The Mighty Highland
Viking, Minnesota

Rural Reflections Radio

I like to write about farming.  It’s a fairly consuming passion and the time I spend farming is wildly out of proportion to the size of farm we own.  Scottish Highland cattle make up most of our farming operation but I rarely write about these hairy beasts.  I want to change that in this week’s column.

Scottish Highland cattle have grazed the rugged Scottish landscape since the sixth century.  I don’t know if they originated there or if the were imported when the Scandinavians invaded Great Britain.   Highland cattle located on the islands around Scotland are referred to as Kyloes and were smaller than the reddish cattle of the mainland although they are pretty much the same now.  These island cattle were “swum” across the water to the mainland and then later herded to England.  I guess that makes them the world’s first triathletes.   Growing up Highland in Scotland created a very hearty animal because natural selection and brutal living conditions eliminated those that were not hearty.   Highland cattle come from an area of rocks and hills and therefore had good, short legs with hard hooves.   They have a quick, compact gait unlike most cattle that run sort of lope along like a rocking horse.   The Scottish Highland is lean as it insulates itself with long, beautiful hair instead of fat.  Their meat is low in cholesterol and they are also very disease resistant.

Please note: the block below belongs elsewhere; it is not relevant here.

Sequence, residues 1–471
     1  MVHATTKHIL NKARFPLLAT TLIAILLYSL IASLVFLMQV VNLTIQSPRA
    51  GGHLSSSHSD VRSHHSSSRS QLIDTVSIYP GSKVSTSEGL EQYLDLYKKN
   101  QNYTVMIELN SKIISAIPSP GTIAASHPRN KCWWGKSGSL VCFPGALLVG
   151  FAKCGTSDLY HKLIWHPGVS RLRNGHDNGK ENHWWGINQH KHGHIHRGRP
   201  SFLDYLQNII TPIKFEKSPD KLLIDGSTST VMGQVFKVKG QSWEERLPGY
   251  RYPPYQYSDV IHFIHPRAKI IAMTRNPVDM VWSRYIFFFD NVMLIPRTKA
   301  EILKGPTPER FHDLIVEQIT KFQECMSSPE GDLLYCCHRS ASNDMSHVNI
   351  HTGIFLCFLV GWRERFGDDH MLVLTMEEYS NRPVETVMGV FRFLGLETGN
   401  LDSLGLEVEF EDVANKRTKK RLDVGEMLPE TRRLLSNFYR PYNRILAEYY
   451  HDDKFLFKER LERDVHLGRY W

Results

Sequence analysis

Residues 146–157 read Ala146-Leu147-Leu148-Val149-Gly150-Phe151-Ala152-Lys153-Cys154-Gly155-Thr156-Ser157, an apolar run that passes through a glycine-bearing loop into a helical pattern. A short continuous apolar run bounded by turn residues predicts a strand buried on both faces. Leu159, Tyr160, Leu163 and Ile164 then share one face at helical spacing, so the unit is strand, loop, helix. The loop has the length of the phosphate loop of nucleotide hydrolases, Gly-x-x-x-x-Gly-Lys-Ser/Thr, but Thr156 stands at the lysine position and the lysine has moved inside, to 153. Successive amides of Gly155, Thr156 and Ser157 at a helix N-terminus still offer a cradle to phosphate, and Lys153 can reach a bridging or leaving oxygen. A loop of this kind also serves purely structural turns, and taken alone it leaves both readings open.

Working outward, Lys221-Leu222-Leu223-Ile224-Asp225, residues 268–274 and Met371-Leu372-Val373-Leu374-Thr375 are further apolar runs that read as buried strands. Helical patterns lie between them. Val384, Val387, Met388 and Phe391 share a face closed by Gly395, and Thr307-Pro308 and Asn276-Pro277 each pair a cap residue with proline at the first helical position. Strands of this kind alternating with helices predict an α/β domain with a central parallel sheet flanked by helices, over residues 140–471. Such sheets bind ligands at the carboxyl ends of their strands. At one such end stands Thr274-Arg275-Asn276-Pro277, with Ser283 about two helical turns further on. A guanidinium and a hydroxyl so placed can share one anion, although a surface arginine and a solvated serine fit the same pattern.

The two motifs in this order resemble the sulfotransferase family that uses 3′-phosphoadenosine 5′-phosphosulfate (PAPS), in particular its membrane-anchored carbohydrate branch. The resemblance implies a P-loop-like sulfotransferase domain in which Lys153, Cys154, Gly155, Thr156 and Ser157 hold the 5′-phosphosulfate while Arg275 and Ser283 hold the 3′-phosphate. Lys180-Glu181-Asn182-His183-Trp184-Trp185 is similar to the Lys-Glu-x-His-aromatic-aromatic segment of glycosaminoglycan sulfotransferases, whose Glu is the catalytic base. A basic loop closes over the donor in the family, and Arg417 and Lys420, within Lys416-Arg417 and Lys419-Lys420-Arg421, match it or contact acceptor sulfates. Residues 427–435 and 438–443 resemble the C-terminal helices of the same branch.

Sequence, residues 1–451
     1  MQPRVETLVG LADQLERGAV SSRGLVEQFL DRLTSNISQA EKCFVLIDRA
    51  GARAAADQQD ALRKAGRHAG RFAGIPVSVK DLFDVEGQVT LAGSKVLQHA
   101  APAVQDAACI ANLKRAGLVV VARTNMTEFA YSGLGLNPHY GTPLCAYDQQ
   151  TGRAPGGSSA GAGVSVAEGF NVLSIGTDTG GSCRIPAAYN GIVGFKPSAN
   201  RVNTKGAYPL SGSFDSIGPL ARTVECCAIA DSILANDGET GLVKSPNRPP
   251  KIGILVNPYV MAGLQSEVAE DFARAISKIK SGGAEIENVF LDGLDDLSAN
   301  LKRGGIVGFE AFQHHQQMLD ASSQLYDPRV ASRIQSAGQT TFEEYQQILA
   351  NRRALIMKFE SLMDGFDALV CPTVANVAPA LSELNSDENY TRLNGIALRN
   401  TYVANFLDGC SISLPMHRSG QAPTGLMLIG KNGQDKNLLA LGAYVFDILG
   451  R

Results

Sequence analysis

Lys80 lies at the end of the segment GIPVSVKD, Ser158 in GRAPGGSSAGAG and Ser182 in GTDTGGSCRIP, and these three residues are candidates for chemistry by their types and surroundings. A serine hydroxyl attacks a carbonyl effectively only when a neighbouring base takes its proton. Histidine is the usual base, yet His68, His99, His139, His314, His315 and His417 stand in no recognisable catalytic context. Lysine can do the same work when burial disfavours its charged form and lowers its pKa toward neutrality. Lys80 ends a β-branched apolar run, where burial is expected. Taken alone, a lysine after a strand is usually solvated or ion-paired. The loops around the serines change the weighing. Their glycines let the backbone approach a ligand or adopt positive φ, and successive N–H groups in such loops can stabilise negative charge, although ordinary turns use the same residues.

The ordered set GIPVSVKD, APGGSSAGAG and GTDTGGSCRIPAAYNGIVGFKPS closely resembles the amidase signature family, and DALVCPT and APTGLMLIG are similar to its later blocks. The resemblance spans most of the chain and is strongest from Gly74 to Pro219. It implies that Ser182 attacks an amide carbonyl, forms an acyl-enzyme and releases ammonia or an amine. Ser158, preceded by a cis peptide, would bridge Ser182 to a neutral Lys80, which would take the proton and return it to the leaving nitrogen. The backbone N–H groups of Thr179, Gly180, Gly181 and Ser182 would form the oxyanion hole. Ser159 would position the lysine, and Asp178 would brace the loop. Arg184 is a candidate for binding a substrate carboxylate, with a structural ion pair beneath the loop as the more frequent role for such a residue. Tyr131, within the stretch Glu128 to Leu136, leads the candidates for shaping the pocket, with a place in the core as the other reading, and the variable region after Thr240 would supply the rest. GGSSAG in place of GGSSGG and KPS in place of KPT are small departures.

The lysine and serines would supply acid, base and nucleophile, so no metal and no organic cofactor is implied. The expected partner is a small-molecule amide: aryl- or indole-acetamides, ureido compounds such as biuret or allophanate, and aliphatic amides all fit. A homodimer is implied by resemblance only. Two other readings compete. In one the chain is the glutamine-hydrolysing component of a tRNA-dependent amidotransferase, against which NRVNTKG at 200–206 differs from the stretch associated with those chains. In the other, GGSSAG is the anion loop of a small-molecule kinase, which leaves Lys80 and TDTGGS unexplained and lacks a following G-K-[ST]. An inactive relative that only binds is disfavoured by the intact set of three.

All of this sounds good but it wouldn’t mean anything to me without the horns.  It’s the first thing you notice.   Highland cows have horns that soar skyward with a graceful curve.  Highland bulls have horns that grow horizontal and finally downward.  These cattle require special equipment because of the horns.  We’ve had to modify hay feeders in the past and I’m working on a chute and head catch to make working the cattle easier.  It’s good to have a nephew who welds.   The second thing you notice with this breed is the hair; it’s long and quite beautiful.  Their hair is also a fiber that’s made into yarn and used for clothing.

The biggest benefit to these cattle is for crossbreeding.  I use Angus bulls on purebred Highland cows which creates an animal that is moderately sized, finishes to slaughter weight quickly and produces high quality beef.  There are also the benefits of hybrid hardiness.  Simply put, hybrid hardiness is a term to describe how  cross breeding animals in a species that are unlike their children will receive the best aspects of each parent.  It’s often said that hybrid hardiness is the only free lunch in raising cattle.

Well there you have it, my little soliloquy on the high points of the Highland breed.  I’m sure an equal argument exists for any cattle breed.  I do believe my Highlands have strengths not shared by other cattle breeds.  Plus there always that hair, and those horns-those long, lovely horns.